length of the head of a moderately large Balænoptera rostrata, in which species the baleen is only nine inches long; so that if we were to make the head of the shoveller as long as that of the Balænoptera, the lamellæ would be six inches in length, that is, two-thirds of the length of the baleen in this species of whale. The lower mandible of the shoveller-duck is furnished with lamellæ of equal length with these above, but finer; and in being thus furnished it differs conspicuously from the lower jaw of a whale, which is destitute of baleen. On the other hand, the extremities of these lower lamellæ are frayed into fine bristly points, so that they thus curiously resemble the plates of baleen. In the genus Prion, a member of the distinct family of the Petrels, the upper mandible alone is furnished with lamellæ, which are well developed and project beneath the margin; so that the beak of this bird resembles in this respect the mouth of a whale.
From the highly developed structure of the shoveller's beak we may proceed (as I have learned from information and specimens sent to me by Mr. Salvin), without any great break, as far as fitness for sifting is concerned, through the beak of the Merganetta armata, and in some respects through that of the Aix sponsa, to the beak of the common duck. In this latter species the lamellæ are much coarser than in the shoveller, and are firmly attached to the sides of the mandible; they are only about fifty in number on each side, and do not project at all beneath the margin. They are square-topped, and are edged with translucent, hardish tissue, as if for crushing food. The edges of the lower mandible are crossed by numerous fine ridges, which project very little. Although the beak is thus very inferior as a sifter to that of a shoveller, yet this bird, as every one knows, constantly uses it for this purpose. There are other species, as I hear from Mr. Salvin, in which the lamellæ are considerably less developed than in the common duck; but I do not know whether they use their beaks for sifting the water.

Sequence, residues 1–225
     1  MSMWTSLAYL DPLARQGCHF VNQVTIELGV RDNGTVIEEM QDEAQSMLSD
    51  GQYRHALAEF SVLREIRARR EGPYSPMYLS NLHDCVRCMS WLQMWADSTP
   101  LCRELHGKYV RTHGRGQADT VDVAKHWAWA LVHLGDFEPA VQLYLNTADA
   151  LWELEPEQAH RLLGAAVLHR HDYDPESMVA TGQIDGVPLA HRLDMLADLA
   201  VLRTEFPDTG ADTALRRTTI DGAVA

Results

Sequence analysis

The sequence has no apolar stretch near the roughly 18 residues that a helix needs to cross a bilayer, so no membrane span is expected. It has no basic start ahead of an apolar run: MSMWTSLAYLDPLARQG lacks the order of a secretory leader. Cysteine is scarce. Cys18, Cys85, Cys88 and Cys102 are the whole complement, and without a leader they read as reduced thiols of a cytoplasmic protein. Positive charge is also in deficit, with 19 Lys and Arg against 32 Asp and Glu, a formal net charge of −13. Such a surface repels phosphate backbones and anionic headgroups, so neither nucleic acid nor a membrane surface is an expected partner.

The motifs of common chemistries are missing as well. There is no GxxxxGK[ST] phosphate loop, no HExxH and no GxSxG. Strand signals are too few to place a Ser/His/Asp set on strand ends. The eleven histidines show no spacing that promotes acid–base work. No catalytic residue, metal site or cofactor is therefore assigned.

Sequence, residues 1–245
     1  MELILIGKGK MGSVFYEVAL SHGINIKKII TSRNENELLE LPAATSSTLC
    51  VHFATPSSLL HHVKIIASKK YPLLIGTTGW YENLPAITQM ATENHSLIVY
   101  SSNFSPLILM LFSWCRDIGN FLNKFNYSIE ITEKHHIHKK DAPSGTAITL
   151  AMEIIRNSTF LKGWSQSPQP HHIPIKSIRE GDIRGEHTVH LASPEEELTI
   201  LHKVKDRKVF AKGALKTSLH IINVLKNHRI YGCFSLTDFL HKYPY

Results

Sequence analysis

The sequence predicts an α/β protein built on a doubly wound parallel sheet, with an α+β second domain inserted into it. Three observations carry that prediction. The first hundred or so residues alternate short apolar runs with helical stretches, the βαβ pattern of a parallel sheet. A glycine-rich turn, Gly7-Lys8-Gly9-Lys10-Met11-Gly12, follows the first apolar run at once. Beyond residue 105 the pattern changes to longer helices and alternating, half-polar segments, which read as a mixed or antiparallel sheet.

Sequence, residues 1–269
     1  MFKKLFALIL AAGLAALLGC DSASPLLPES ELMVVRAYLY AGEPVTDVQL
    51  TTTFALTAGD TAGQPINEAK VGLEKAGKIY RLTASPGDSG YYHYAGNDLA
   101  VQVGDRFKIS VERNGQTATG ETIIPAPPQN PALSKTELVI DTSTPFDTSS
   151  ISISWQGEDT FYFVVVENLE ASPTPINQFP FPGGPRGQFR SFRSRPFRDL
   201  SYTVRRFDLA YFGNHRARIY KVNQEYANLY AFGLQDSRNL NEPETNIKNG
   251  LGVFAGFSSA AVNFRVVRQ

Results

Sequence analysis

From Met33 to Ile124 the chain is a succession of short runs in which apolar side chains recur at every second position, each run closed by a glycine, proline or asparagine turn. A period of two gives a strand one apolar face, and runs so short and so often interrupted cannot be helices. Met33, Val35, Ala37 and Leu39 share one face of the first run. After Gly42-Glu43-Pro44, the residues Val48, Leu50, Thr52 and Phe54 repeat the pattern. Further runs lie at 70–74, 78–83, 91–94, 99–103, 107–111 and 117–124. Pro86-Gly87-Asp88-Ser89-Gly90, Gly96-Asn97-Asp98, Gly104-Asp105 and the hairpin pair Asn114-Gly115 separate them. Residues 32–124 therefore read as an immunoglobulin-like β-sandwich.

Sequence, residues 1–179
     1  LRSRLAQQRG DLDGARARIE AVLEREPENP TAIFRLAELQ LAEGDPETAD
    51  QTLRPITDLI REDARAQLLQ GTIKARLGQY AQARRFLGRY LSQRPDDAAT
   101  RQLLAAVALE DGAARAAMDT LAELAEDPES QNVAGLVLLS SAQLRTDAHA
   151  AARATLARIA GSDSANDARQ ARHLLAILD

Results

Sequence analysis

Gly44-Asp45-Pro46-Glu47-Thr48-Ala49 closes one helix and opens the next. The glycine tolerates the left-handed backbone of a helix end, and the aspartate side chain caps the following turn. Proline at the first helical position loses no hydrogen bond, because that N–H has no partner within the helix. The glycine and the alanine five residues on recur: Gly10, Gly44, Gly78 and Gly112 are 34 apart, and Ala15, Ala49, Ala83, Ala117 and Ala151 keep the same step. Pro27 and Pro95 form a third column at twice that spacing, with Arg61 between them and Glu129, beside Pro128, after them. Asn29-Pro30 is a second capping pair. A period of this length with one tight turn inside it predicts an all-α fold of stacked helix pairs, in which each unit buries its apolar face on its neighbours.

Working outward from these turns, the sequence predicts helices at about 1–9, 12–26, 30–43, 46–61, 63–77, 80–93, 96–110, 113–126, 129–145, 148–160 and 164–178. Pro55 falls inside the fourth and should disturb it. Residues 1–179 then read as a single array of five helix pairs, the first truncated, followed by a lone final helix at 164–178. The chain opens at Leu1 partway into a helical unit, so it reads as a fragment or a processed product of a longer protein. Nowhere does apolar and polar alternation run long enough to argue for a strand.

Turning to another group of the same family. In the Egyptian goose (Chenalopex) the beak closely resembles that of the common duck; but the lamellæ are not so numerous, nor so distinct from each other, nor do they project so much inward; yet this goose, as I am informed by Mr. E. Bartlett, "uses its bill like a duck by throwing the water out at the corners." Its chief food, however, is grass, which it crops like the common goose. In this latter bird the lamellæ of the upper mandible are much coarser than in the common duck, almost confluent, about twenty-seven in number on each side, and terminating upward in teeth-like knobs. The palate is also covered with hard rounded knobs. The edges of the lower